NEW YORK (AP) – Avoid fast food, eat vegetables and exercise. It sounds like generic health advice, but they are tips that are supposedly tailored to my DNA profile.
The suggestions come from 23andme, one of the companies that offers you to indicate the optimal eating and exercise habits for your genetics. As with most diet regimens, the idea is appealing because it involves an elusive reason why you cannot get fit – in this case your genes.
But Isaac Kohane, a biomedical researcher at Harvard, said research in the field is still limited and that there is little evidence, small effects of genetic variation can be transformed into meaningful dietary advice.
"They don't give much value to the people who buy them," he said, adding that other factors play a much greater role in health, such as how much we eat.
Still, it is tempting to think that your DNA contains traces for your ideal diet. To see what my genes could reveal, I tried two services, 23andMe and DNAFit.
If you pay $ 99 for a 23andMe ancestor report, you can spend $ 1
Among the extra features you get are several wellness reports, including one that predicts your "genetic weight" and offers other dietary content. These results are based on comparisons with data from other 23andMe customers.
After adjusting the default setting from European to East Asian descent, my report said that I am entitled to weigh "on average". For a 40-year-old, 5-foot-6 woman, the company defined an average of 138 pounds. 23andMe notes that most of its customers are of European origin and that its data for other ethnic groups is more limited.
The report then shows 10 habits associated with healthy weights for your DNA profile. For me, it included limiting red meat, avoiding fast food and training at least twice a week. Considering how the formula sounded, I wondered how much the results vary for others.
It turns out that everyone gets the same 10 habits as they are 23 and I decided to investigate people. But the order in which they are listed varies to indicate the magnitude of their supposed effect for you. Alisa Lehman, senior product researcher for 23andMe, said the two top habits of most people limit red meat and avoid fast food as they were to me.
Like many other nutrition studies, the results do not determine cause and effect relationships, but there are links that the company produces between the customers' genes and the study results.
Other wellness reports said I am more likely to be lactose intolerant (check), rinse when drinking alcohol (check) and to consume less caffeine (check). They were more interesting because of their specificity, but did not reveal anything surprising. Another report said that my weight is unlikely to be affected by my intake of saturated fat commonly found in meat.
The only surprise was to learn that I have a genetic variant common to elite practitioners. "When I followed the link, though, about half of the customers have the same variant.
For $ 99.99 you get a saliva collection to produce reports of various fitness and dietary features. have your DNA file from 23andMe, you can upload it to get immediate results for $ 79.
DNAFit says its reports are based on the broader universe of scientific research on genes and diets
Given The general fear of carbs among many dieters, I began with the report "Carbohydrate Sensitivity." It began with an overview explaining the difference between complex carbs like brown rice and refined carbs like sugar digested faster.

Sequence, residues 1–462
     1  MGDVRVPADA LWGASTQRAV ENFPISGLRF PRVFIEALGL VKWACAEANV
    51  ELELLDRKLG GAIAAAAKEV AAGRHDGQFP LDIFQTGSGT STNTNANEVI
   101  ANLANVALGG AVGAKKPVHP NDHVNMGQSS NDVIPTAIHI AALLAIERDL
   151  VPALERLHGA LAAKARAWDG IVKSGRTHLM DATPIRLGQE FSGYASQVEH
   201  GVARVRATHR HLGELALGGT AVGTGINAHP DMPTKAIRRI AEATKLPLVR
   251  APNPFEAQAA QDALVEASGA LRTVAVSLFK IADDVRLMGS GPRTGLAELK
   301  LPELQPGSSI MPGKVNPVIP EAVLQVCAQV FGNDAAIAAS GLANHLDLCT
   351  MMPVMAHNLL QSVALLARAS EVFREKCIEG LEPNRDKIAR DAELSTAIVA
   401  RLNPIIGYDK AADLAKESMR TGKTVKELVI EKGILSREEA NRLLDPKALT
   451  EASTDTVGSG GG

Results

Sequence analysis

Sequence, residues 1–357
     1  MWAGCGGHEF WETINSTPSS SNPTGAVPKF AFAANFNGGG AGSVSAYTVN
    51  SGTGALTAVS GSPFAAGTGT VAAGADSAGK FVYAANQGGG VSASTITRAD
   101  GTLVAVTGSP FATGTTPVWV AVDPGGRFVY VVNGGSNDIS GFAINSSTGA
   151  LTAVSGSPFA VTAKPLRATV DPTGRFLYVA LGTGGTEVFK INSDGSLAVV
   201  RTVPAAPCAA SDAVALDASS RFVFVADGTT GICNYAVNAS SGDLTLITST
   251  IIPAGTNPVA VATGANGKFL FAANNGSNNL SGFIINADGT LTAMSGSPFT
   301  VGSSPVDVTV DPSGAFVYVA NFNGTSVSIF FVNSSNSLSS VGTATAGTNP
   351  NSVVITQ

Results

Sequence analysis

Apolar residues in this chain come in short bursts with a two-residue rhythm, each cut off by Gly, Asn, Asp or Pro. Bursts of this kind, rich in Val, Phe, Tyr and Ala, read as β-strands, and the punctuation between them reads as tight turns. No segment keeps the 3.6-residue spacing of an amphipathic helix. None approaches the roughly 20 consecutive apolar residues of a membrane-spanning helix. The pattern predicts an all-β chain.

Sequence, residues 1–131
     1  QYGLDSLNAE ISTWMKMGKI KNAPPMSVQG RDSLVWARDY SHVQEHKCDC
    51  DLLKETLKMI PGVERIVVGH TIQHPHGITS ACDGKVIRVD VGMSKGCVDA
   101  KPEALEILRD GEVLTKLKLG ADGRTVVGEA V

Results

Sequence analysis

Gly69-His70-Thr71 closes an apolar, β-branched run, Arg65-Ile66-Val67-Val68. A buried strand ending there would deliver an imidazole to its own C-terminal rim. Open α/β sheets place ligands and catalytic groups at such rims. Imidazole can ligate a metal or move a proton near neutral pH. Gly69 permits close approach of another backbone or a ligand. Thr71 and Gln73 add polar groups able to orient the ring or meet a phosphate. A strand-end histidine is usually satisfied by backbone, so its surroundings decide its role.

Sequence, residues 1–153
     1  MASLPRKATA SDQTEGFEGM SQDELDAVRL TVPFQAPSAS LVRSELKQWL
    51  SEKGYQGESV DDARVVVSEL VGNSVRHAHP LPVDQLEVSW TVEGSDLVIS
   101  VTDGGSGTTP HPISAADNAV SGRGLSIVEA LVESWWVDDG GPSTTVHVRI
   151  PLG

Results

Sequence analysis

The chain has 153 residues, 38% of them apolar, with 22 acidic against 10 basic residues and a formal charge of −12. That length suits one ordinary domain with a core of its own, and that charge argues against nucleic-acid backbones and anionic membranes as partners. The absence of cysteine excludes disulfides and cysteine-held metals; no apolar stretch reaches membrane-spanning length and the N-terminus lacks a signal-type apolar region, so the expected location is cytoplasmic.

After rolled down, the report said I have a "very low" sensitivity, which means I'm less susceptible than others to high sugar and diabetes. Despite this carb tolerance, I suggested limiting refined carbs to 10 percent of daily calories. Again this sounded like quite generic advice and made me think about how much the recommendations vary for others.
Andrew Steele, Product Manager at DNAFit, said that the recommended limit for refined carbs ranges from 6 to 10 depending on people's sensitivity percentage of total calories. For a person who eats 2,500 calories a day, there is a range of 150 calories to 250 calories.
Although it may not seem like a big difference, DNAFit will note a cut from 10 to 6 percent, meaning a 40 percent reduction. Nevertheless, the relatively tight range reinforces the idea that dietary advice would be largely uneven, regardless of your genes.
Another report said that my sensitivity to saturated fat is low and suggested to limit it to 10 percent of calories. DNAFit said that the area for this recommendation is also 6 to 10 percent.
Other reports were more nutritional. One said I have an increased need for omega-3, the cholesterol-lowering fatty acid. Another said I have an increased risk of DNA damage from charged meat and should limit them. (This advice was given over a picture of candles.)
On the fitness side, the reports said that I am more inclined to endurance activities than high intensity activities. I don't know if I take this into account if I start exercising. Others have questioned the accuracy of the fitness reports that rated an Olympic runner's aerobic potential as "medium".
DNAFit and 23andMe say knowing your genetic predisposition can motivate you to stick to diet or exercise routines. You can also have specific reasons to try out the services, especially 23andMe, which most get for ancestral tests and provide many other reports. But for me, the results of both were too broad to affect my habits.
A little note: DNAFit is based in the UK, so if you decide to try it, you may experience a small currency exchange fee on your credit card statement.
Follow Candice Choi at www.twitter.com/candicechoi
The Associated Press Health and Science Department receives support from the Howard Hughes Medical Institute's Department of scientific education. AP is solely responsible for all content.